And finally, there’s Dany, returning from Slaver’s Bay—I wouldn’t necessarily say triumphantly, given the chaos she left behind—with an army of allies in tow to fight for her birthright. The woman who was sold by brother Viserys into a marriage she was too young to want, forced to adapt to new cultures that trafficked in sexism and classism, and who nurtured the only children she would ever have, the dragons who brought magic back into the world—it’s easy to root for Dany as the hero we all think should end up on the Iron Throne. She’s sitting on an island full of dragonglass, she’s the fire to counteract the Night’s King’s ice, it all syncs up. But as Sandor said to Beric Dondarrion, “There’s no divine justice, you dumb cunt.” In a world where everyone wants vengeance, is there room for justice?
That’s the question I think Game of Thrones will be tackling this shortened season, and it’s finally time for some answers. See you mid-season—we'll do this again four episodes in, and at the end of the season, too.
Odds and ends:
+ I know that everyone has been quoting Arya’s lines “Leave one wolf alive and the sheep are never safe” and, of course, “When people ask you what happened here, tell them the North remembers, tell them winter came for House Frey,” but something she said earlier stuck with me: How she murmured “Yes, yes … cheer,” when the Freys were all congratulating each other on the Red Wedding. It was the sinister, mocking tone of that line that resonated most for me.
+ A storm is blowing in with the Night’s King and his army, and oh yeah, they have three giants. I guess that wildling song Ygritte used to sing, “I am the last of the giants,” doesn’t apply to the undead.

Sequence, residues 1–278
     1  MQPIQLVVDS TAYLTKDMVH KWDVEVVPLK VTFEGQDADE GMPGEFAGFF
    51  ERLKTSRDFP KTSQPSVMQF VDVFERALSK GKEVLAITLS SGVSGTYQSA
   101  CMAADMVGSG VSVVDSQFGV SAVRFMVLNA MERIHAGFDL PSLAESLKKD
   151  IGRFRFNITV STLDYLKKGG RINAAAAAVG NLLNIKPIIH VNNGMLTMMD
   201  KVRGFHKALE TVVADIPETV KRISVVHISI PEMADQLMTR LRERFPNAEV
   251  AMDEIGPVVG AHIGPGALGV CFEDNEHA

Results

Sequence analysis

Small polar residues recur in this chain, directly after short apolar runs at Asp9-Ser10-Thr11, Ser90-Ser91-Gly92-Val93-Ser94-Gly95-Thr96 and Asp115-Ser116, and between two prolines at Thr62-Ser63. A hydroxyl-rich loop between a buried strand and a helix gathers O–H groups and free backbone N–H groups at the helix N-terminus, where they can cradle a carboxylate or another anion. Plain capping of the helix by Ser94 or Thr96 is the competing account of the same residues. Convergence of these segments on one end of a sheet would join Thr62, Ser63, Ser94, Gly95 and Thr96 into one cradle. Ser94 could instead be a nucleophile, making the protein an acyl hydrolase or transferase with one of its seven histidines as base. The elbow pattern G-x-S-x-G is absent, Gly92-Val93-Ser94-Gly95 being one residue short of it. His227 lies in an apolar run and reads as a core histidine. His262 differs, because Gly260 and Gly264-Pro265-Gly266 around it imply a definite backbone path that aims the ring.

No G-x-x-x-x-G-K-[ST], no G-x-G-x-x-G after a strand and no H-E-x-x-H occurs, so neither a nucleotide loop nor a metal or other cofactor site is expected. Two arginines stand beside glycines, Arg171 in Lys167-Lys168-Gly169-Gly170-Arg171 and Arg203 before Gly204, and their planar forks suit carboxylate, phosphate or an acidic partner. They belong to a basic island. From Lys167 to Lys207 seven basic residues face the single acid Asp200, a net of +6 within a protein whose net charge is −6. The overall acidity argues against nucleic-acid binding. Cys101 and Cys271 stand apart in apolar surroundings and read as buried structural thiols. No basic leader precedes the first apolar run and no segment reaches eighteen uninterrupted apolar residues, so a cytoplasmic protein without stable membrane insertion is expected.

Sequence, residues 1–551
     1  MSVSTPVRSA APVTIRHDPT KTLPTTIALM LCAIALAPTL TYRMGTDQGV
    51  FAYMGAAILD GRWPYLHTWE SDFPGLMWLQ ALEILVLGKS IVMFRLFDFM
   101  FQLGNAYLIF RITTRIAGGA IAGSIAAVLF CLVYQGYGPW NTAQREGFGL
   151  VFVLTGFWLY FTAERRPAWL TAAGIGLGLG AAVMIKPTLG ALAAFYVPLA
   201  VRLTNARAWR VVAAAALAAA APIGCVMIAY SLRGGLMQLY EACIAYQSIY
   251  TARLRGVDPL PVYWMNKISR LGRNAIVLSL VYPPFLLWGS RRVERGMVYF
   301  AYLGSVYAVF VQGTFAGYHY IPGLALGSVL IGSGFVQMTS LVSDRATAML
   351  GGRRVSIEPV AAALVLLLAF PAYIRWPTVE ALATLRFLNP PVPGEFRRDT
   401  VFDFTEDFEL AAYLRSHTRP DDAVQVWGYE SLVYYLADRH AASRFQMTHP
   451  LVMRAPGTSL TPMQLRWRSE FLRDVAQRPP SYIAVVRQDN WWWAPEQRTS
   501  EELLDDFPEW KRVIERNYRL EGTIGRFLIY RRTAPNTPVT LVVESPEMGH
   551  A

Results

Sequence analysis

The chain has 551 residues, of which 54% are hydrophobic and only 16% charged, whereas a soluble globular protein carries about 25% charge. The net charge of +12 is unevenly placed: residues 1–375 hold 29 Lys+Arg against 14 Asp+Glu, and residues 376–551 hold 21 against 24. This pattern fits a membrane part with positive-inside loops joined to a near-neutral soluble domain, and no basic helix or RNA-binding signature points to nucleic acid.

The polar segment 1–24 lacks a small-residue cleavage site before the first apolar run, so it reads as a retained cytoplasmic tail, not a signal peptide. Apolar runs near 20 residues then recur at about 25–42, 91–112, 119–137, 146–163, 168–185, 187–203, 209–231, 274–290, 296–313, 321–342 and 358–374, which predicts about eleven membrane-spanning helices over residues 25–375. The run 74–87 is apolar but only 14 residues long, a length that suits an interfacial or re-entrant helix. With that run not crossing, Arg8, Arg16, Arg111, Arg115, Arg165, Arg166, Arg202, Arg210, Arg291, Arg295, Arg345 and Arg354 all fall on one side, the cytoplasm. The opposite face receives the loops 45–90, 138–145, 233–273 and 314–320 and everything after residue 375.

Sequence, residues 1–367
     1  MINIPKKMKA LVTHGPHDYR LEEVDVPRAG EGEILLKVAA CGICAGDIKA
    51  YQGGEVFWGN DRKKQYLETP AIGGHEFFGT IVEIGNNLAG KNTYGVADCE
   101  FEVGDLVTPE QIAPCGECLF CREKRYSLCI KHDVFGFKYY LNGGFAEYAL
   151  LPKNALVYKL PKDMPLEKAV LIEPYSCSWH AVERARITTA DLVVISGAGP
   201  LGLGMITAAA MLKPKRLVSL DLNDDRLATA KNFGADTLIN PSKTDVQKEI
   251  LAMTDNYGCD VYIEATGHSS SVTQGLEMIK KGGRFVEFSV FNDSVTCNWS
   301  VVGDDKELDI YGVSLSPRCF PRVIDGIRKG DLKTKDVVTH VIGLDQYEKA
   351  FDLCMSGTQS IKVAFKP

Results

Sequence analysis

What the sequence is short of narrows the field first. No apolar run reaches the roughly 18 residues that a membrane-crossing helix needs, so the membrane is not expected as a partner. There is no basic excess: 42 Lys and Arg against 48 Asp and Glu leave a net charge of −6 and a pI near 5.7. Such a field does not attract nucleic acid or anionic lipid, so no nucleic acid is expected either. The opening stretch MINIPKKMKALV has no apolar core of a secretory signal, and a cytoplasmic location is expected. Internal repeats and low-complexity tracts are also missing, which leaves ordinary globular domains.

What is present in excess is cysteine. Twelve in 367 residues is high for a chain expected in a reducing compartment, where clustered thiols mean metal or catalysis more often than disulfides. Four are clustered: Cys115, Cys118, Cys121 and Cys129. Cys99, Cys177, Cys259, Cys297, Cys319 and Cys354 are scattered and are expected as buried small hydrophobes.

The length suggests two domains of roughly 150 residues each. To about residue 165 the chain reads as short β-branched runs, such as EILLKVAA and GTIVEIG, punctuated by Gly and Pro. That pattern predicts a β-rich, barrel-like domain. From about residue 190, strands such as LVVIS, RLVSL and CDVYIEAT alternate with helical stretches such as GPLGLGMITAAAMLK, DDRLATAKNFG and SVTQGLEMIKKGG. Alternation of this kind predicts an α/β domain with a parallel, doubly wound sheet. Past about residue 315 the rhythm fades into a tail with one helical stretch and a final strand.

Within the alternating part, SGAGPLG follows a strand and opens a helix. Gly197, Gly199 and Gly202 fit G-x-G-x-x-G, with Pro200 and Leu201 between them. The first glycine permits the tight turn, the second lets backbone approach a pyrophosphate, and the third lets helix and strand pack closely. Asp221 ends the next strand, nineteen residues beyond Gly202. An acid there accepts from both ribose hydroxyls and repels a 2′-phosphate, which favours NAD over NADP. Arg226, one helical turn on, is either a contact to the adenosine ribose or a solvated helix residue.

+ ALL OF THE BLESSINGS upon Lyanna Mormont of Bear Island, the best child in all of Westeros: “I don’t plan on knitting by the fire while men fight for me … and I don’t need your permission to defend the North.” Sit DOWN, Lord Glover.
+ Sansa did some annoying things this episode, but I think every women in the world felt a kinship with her when she replied “Would that be so terrible?” to Jon’s “How should I be smarter—by listening to you?”
+ OH HELLO, EURON GREYJOY POST-MAKEOVER. Motherfucker is fine as hell now, like a mall-goth Pacey Witter. I am down. Also, “Here I am, with 1,000 ships and two good hands,” may have been the best line of the episode.
+ Jim Broadbent is a welcome addition to this cast. Welcome, Jim Broadbent.
+ Every so often, the writing gets a bit anachronistic, and I think Sandor’s barb to Thoros of Myr falls into that category: “You think you’re fooling anyone with that topknot?” felt too modern-casual to me. But his whole storyline this episode, and his conversations with Thoros and Beric both (“It’s my fucking luck I end up with a band of fire worshippers”) reminded me how much I missed the Brotherhood Without Banners.
+ Reminder: Thoros, Beric, and the Hound are all on Arya’s kill list, along with Cersei, the Mountain, and Melisandre.
+ “Has she come yet? The Dragon Queen. Daenerys Stormborn.” Way to give me chills, Jorah Mormont.
+ Oh, and most importantly: WHERE THE FUCK IS GENDRY?